The Social Network Is More Than Facebook: The Movie
[pullquote quote="What interested me were the themes in this story — they are as old as storytelling itself." credit="Aaron Sorkin"]The Social Network is not just a story about Facebook’s origins, but rather a story of friendship, betrayal, power and jealousy.
“There was nothing about Facebook that got me interested in writing a movie,” screenwriter Aaron Sorkin said. “Obviously I had heard of Facebook, but that was about it.”
Sorkin was given a 14-page movie proposal about Facebook, written by Ben Mezrich. Three pages into his reading, Sorkin had seen enough. He called his agent and immediately began working on the screenplay.
Sorkin conducted research for the film without actually interviewing Mark Zuckerberg, the founder of Facebook. Sorkin said he “aggressively pursued Facebook’s cooperation and Mark’s cooperation in the making of the movie.”
He was relieved when they were unable to interview Zuckerberg because he was sure “that Mark and Facebook would prefer the story was only told from Mark’s point of view.”
He also did not want to give the impression that the movie was created or produced by Facebook, Inc.
With two lawsuits brought against Facebook at roughly the same time, it presented Sorkin with multiple points of view while researching and writing the screenplay.
“The plaintiffs, the defendant and the witnesses came into a deposition room, all swore an oath, and three very different versions of the truth got told,” Sorkin said.
Ultimately, Sorkin incorporated the various testimonies, which became the structure of the deposition room scenes in the film.
Director David Fincher was charged with the task of bringing Sorkin’s vision to the silver screen.
“David is brilliant (There were) things that he did I wouldn’t have done,” Sorkin said, praising Fincher for his translation from screenplay to film. “His way was a lot better,” he said.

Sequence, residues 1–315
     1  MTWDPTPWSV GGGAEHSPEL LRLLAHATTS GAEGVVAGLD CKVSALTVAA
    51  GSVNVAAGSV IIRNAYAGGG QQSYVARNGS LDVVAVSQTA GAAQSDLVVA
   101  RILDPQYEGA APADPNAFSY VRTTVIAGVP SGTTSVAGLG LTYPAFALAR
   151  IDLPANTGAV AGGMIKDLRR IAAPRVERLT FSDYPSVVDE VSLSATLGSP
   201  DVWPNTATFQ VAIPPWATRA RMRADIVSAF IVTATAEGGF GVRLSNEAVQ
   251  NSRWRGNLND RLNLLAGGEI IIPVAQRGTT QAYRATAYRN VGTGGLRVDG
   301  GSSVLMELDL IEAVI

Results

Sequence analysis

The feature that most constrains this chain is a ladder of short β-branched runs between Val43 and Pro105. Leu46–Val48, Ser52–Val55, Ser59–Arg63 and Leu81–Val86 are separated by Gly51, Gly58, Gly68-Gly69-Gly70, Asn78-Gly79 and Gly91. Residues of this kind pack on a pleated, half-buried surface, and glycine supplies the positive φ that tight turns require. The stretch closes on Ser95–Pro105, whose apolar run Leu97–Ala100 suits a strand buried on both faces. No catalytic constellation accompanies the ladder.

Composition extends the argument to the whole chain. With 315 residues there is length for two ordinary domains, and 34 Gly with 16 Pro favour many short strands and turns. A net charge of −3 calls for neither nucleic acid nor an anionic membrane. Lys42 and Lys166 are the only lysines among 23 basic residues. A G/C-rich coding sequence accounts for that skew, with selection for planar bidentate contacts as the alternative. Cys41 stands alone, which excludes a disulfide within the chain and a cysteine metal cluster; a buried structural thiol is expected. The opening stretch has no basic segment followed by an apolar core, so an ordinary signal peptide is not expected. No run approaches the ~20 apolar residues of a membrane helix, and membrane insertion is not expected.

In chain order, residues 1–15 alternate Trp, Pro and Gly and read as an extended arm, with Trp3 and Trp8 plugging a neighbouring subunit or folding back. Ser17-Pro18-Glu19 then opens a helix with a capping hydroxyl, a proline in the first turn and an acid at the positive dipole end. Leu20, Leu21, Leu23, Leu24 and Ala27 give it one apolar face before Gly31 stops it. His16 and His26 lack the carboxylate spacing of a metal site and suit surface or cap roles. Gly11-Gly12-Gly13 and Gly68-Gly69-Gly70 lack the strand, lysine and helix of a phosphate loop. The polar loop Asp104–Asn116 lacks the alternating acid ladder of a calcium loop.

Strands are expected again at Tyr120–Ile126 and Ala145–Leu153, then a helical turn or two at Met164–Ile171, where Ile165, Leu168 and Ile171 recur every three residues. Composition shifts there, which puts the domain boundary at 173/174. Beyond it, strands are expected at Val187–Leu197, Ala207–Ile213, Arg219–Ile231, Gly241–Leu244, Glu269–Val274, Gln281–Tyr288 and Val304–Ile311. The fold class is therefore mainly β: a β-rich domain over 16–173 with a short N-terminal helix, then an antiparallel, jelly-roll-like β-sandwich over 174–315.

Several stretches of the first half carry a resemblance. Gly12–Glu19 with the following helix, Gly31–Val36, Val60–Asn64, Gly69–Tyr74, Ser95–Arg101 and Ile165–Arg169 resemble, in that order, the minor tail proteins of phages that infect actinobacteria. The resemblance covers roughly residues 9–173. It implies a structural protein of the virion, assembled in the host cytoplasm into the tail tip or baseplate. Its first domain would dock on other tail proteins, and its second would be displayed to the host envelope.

Fincher called on [lastfm]Trent Reznor[/lastfm] to score the film. Sorkin said the music selection throughout the film was “a great, great choice and I would have made a less good choice.”
Sorkin also credited the film’s actors for their portrayal of their respective real-life roles.
“Usually I am playing all the parts in my head,” Sorkin said. “It’s a delightful surprise when really good actors come along and do it.”
Jesse Eisenberg, who played Zuckerberg in the film, said he did not have trouble playing the computer programmer.
“I didn’t understand much of the technical jargon on the film,” Eisenberg said, adding that he couldn’t put together a computer, though he liked exploring the reality behind his character.
“There was a certain disengagement that Mark has, like he often seems like he is not paying attention,” Eisenberg said.
Also helpful to Eisenberg’s role as Zuckerberg was [lastfm]Justin Timberlake[/lastfm] portraying Sean Parker, the founder of Napster.
“My character views Sean Parker as a rock star…not dissimilar to the way I view Justin,” Eisenberg said. “To Mark, Sean Parker is Justin Timberlake.”
Co-star Armie Hammer had a unique experience in his dual roles as twins Cameron and Tyler Winklevoss. Hammer did not want to do the stereotypical good twin, bad twin characters, but sought to establish two distinct personalities for the characters he played.
“We wanted to make sure that yes they were both cut from the same cloth, but one was cut from this part of the cloth, and the other one was cut from way over on (another) part, but still the same cloth,” Hammer said.
During casting, Hammer was excited to learn that Fincher was directing the film.
“I would crawl on my knees through glass to work with them again, both Fincher and Sorkin,” Hammer said.
The Social Network opens in theaters nationwide Friday.
Article courtesy of Oaklandpostonline.com
Audio Provided by Sony Pictures
Check out 96.5 TIC on Facebook!